Photo/Illutration Patima Tungpuchayakul (provided by United People)

I ate grilled horse mackerel for breakfast.

The firm texture of its meat was really pleasing to the palate. It lives up to its reputation of bringing a little piece of happiness to everyday life.

But a discomforting question arose in my mind: Who caught this fish, and where? I stopped the movement of my chopsticks for a moment to give it a think.

I had watched “Ghost Fleet,” a 2018 U.S. movie, which began showing in Tokyo and elsewhere in Japan on May 28. The documentary film pursues the subject of enslaved fishermen, an issue being raised in Southeast Asian nations.

In the film, men who were abducted and forced to work aboard fishing boats give accounts of their harrowing experiences.

One of them says he woke up to find himself in a room that was rocking and swaying side to side. Another says he was locked up on a boat for years and, when he disobeyed, he was violently beaten and put in chains.

A human rights group says thousands of similar workers have so far been rescued. It is so shocking to learn that.

The fish they caught were sent to various parts of the world under disguised labeling. I asked Patima Tungpuchayakul, a Thai human rights activist who has been working to save enslaved fishermen, if Japan was also among the buyers of the fish.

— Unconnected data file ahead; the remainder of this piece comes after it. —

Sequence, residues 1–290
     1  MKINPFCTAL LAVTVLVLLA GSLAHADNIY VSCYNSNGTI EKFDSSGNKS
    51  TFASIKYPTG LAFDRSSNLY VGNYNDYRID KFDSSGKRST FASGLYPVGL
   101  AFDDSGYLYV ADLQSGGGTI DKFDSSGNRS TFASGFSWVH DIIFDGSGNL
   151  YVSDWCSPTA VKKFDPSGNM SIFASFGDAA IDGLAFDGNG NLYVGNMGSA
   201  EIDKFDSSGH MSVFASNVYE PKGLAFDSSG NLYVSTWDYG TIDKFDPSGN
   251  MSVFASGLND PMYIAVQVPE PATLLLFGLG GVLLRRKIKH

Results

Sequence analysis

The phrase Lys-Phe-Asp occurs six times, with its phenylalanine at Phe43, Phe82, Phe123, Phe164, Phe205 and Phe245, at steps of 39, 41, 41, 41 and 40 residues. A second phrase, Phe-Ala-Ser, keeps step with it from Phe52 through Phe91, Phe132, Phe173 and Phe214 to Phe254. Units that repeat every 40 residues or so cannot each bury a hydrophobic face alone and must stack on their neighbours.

“I think it certainly was, although I have no evidence,” Patima, 46, said in answering my question online. “That’s because so many fish are being exported to Western countries and Japan.”

She said authorities in Thailand have stepped up crackdowns on illegal fishing practices, but eradicating them requires awareness on the part of those who eat fish.

“When you take a fish in your hands at a supermarket, you may be interested to know how fresh it is, but I hope you will also give thought to how those who caught it are working,” Patima said.

We are prone to take it for granted that cheap and tasty fish are always there for us to eat. But we appear to be less eager to realize that we owe that convenience to somebody else.

I felt as if the saury’s eye was glaring angrily at me for a while from beneath my chopsticks.

--The Asahi Shimbun, May 29

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Vox Populi, Vox Dei is a popular daily column that takes up a wide range of topics, including culture, arts and social trends and developments. Written by veteran Asahi Shimbun writers, the column provides useful perspectives on and insights into contemporary Japan and its culture.